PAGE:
THE chairman of the Lancashire Cricket League says they will do all they can to help clubs after it was announced its 2020 season will not be completed.

Due to the coronavirus pandemic, the league will not play any matches until the first weekend of July at the earliest while all cup competitions have been postponed.

Mike Bibby knows clubs will be hit hard and says they league will assist in ways of obtaining funding – either through the England and Wales Cricket Board or the Lancashire Cricket Foundation.

“Generally, clubs do not make money from the people who come in through the gates as attendances for league games are not that high,” said Bibby.

“The money is made through the clubhouse, money taken over the bar, money taken from functions, parties and events. All that has gone now and I know a number of clubs will struggle financially.”

He added: “From our point of view, the Lancashire Cricket Foundation is our first port of call to see what can be done and I know speaking to them, they will be contacting clubs individually to see what can be done.

“We are also waiting to see what the England and Wales Cricket Board can do as well in terms of making funding available.”

The league is playing its part where possible and had reduced league fees from £450 to £100 to cover administration costs while its professional rule – where every club usually has to field a professional or receive a fine – has been relaxed.

Cricket balls have already been ordered and have to be paid for but Bibby says that is another area they are trying to negotiate with manufacturers.

“We have made some decisions and put in certain measures and they seem to have been well received by the clubs which is something we appreciate as we are all in this together,” added Bibby.

“We have relaxed the rule on clubs having to have a professional and hopefully those contracts can be cancelled and that way the clubs can save some money.”

Of the 23 professionals due to compete in the 2020 season – Milnrow resigned from the league last year – only five are based in England.

“There are nine coming from South Africa and they are not allowed to travel and I am assuming it is the same with those professionals travelling from Sri Lanka. Hopefully those contracts have been cancelled," Bibby said.

“There are five based in England so that is a slightly different situation. Clubs will either be able to try and cancel those contracts or they may well keep on their professionals for if and when we start.”

Bibby, 75, has a wealth of experience in both the Lancashire League and the Ribblesdale League as a player, umpire and committee man and says these are unprecedented times.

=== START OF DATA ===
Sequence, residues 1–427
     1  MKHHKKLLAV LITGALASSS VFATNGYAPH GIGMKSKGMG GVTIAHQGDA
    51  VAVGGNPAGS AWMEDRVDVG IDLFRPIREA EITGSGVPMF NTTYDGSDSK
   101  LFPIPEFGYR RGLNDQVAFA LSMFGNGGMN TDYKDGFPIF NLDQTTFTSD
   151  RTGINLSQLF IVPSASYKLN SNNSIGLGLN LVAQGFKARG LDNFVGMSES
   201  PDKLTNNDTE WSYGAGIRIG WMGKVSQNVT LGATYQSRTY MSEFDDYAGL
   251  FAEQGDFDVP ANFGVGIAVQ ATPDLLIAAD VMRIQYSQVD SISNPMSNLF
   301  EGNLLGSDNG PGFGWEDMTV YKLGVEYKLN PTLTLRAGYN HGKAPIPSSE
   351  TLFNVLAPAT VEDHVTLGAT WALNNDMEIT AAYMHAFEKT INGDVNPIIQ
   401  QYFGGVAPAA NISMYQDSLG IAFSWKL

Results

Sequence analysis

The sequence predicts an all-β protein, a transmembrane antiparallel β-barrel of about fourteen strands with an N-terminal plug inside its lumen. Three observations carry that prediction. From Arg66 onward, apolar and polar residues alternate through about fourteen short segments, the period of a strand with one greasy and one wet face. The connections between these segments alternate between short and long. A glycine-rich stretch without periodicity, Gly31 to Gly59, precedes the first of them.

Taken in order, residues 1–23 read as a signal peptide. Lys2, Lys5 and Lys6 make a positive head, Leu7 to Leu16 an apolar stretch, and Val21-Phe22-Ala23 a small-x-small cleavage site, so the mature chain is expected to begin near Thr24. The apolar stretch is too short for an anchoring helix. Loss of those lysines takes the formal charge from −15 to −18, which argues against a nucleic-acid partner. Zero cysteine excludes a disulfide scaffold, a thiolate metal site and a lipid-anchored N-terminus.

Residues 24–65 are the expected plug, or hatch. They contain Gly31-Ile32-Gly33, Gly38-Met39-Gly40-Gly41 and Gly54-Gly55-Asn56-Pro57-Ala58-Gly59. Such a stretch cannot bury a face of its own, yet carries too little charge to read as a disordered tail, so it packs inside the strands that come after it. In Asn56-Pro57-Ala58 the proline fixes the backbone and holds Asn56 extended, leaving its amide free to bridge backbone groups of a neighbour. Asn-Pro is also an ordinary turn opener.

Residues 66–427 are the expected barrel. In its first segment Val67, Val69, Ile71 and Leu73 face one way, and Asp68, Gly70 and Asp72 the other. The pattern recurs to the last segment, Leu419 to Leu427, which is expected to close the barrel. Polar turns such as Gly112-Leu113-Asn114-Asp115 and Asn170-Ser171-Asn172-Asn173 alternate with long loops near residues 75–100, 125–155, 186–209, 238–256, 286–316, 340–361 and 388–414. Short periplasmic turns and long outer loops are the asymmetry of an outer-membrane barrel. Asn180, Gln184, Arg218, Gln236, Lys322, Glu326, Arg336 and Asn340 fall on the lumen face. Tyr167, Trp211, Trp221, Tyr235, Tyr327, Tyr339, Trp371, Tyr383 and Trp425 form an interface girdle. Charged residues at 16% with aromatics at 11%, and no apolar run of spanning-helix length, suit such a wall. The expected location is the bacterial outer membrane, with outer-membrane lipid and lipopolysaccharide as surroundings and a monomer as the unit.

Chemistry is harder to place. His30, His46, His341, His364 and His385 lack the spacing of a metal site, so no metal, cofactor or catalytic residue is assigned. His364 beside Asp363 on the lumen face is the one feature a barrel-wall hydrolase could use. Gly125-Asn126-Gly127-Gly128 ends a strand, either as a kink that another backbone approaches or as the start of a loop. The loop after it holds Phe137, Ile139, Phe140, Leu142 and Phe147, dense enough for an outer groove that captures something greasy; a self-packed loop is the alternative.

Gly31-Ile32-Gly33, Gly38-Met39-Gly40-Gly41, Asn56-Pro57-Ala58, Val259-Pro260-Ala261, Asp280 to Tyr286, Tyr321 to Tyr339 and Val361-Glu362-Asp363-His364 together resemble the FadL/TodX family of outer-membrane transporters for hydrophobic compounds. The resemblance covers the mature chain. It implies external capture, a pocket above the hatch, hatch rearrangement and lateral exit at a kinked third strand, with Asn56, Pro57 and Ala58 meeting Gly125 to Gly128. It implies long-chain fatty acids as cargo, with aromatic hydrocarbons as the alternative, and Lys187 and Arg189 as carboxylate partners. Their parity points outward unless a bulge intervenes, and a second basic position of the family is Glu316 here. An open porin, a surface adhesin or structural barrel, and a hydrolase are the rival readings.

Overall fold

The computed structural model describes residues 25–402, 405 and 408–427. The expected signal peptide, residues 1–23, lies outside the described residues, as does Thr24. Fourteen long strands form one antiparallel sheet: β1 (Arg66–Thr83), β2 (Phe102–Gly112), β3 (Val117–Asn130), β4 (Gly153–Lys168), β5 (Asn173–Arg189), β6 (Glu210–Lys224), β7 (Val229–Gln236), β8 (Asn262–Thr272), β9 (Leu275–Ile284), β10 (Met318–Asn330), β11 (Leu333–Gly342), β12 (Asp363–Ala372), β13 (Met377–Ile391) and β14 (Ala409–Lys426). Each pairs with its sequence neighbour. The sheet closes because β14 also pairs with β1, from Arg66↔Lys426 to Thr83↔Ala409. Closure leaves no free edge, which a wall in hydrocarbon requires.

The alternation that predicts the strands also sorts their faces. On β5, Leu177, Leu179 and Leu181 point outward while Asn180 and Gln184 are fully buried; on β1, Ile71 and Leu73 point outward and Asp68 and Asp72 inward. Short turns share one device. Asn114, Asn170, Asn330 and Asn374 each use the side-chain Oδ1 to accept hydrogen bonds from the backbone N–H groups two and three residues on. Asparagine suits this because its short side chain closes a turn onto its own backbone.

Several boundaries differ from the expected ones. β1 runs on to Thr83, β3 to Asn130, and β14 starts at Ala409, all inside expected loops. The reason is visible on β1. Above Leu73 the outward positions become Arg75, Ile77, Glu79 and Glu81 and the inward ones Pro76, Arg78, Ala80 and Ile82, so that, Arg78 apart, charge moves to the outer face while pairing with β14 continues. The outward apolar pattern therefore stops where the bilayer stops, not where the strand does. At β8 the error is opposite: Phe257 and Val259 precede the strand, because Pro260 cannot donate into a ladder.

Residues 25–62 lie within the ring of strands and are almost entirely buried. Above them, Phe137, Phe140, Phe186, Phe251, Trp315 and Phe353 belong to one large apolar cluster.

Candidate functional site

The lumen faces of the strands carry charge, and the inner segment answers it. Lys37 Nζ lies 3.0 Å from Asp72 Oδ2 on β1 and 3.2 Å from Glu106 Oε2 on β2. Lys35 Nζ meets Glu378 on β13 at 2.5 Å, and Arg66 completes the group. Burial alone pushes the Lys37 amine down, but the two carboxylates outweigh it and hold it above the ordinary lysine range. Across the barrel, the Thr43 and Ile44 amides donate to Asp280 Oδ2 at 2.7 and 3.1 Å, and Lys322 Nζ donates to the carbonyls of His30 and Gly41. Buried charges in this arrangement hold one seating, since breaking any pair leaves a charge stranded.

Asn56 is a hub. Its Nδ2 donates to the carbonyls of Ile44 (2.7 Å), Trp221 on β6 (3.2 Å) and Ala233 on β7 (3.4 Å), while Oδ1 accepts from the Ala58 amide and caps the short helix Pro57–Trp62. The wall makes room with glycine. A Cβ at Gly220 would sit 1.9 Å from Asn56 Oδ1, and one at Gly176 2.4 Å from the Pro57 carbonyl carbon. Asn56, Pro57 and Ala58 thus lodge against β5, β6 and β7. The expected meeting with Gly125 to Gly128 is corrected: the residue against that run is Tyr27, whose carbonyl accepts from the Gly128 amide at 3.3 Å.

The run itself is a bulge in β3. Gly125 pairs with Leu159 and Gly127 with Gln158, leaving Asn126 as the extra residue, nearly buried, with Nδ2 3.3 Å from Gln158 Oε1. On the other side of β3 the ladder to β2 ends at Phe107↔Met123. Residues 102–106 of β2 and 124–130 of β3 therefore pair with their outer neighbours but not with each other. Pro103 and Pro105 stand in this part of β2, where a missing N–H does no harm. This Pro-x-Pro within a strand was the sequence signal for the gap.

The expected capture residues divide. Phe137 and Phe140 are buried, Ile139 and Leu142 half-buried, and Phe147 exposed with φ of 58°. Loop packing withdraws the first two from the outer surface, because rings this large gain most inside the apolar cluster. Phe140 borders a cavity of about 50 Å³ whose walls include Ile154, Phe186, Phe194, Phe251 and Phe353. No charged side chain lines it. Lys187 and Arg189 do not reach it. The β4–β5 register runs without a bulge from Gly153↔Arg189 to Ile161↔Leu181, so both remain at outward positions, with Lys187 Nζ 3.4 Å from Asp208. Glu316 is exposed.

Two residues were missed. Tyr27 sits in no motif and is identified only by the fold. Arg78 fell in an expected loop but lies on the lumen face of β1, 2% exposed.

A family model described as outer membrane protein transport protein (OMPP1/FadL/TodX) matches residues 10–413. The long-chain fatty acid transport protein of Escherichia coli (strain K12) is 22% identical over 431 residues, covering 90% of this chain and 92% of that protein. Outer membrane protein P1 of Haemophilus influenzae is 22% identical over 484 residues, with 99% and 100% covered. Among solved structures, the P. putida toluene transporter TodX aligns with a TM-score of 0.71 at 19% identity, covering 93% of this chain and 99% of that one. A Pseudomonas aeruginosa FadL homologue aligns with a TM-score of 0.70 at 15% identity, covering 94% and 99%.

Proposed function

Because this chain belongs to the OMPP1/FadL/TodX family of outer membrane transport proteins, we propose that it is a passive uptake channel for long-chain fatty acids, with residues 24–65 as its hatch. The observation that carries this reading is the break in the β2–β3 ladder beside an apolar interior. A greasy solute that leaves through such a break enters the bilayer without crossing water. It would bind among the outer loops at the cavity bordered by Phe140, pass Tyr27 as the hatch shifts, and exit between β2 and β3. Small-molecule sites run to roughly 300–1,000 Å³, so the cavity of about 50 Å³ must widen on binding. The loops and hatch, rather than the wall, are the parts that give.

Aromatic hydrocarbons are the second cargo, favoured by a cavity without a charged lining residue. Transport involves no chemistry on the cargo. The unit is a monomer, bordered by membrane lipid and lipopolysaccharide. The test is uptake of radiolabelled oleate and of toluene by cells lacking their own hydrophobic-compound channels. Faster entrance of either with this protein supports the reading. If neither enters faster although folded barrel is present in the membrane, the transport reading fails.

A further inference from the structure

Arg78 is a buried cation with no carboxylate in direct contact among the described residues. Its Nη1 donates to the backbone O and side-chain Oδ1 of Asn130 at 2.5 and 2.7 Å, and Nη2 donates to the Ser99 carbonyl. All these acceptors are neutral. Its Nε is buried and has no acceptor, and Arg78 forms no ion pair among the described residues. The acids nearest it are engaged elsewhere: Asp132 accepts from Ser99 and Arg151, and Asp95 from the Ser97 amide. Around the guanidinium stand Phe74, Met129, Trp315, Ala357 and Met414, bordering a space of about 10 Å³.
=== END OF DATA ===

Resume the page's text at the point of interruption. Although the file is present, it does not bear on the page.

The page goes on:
“Of course I have never known anything like this in all my years involved in cricket,” said Bibby who was also involved with Clitheroe and Whalley in the Ribblesdale League.

“We had the foot and mouth outbreak a few years ago but that just restricted a bit of travel, especially to the more rural areas to clubs surrounded by or near to farm land.

“But that was reasonably easy to deal with.

“Other than that, the biggest disruption to the game has been the weather.”

Bibby says the shutdown is all the more harder to take following the success of last year where Burnley were crowned champions.

“It was probably the best season we have had in all my time involved in the league,” he said. “We had two very competitive divisions and the race for the title in both divisions went down to the wire with neither settled until right at the end.

“As a committee, that is what you want, two very competitive divisions, It is just a shame we can’t build on that success this season.”

When this season eventually starts, it will be on a reduced format with teams playing each other just once with no promotion or relegations at stake – with Second and Third teams also competing in their respective leagues in a similar format.

The league will also look to introduce a T20 competition if it is viable.

Bibby is hoping a prolonged period without any cricket does not drive players – especially younger ones – away from the game.

“That is the worry and the fear I suppose,” he said. “The youngsters may decide to do something else instead, especially if there is nothing at stake. It is up to us to try and keep them involved.”

He added: “I feel sorry for the juniors as well, every club has a junior section and they get the chance to play and train during the week and all that has stopped.”

Whatever happens, Bibby says it is important everyone stays fit and healthy and follows all the relevant guidelines.

“I’m 75 so I have been self isolating already but is it vital that everyone involved in all clubs follow the rules and advice.

“Of course we want to be back playing cricket and hopefully that will happen at some stage in the summer.

“This year it won’t be about cups and league titles, it will just been about getting out there and playing some cricket.”